A few notes on tools and materials: These instructions make a booklet that is 3×4″ big with 16 pages. A sheet of 8 1/2x 11″ paper is enough for 2 4×6″ rectangles, so you would need one sheet of cardstock and 4 pieces of plain paper to make one book. If you are creative you can make this all out of recycled materials like leftover scraps of paper and cardboard. If you want to be a bit fancier, you could buy some of that scrapbooking paper that has all the pretty patterns and colors. I didn’t feel like hunting down waxed thread, so I just used regular thread and ran it through some beeswax a couple of times. If you don’t have beeswax either, it’s really not that important.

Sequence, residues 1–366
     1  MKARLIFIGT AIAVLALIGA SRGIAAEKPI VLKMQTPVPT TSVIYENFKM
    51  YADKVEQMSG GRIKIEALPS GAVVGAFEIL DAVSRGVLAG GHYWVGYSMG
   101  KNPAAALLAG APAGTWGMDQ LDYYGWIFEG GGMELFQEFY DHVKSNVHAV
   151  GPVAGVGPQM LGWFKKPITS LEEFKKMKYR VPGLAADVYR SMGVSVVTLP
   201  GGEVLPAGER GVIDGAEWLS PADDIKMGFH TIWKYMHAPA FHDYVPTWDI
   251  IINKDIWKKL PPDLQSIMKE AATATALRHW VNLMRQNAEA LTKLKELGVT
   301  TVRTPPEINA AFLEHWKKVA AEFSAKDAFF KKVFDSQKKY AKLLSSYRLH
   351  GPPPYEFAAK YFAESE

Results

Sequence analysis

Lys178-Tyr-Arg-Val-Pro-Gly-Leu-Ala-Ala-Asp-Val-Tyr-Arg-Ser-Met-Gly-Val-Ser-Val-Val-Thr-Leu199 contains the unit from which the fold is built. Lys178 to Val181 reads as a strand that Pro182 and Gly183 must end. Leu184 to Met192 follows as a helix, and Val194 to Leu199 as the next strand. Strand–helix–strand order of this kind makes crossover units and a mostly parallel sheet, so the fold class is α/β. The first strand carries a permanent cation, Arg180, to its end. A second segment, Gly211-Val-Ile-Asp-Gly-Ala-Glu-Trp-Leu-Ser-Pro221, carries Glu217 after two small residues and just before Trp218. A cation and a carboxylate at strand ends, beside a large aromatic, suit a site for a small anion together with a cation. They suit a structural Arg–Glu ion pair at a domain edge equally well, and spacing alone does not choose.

I don’t own an awl, so I improvised and switched out the blade of my exacto knife with a sturdy needle (like for embroidery). This is a pretty handy tool for lots of other projects too. I also don’t own bone folder, which is a traditional tool for paper folding, but I figured out that the tip of a knitting needle or something else hard like your fingernail works too. And finally, if you want really even pages, a rotary cutter or paper cutter is great and makes things a lot quicker.
- Fold all of your inner sheets and the cover paper in half. I would recommend folding the inner paper separately from the cover. Run a bone folder (or knitting needle or fingernail) along the folds so they are nice and crisp. If you are using really thick paper or thin cardboard, you may want to score (lightly cut) down the middle before you fold.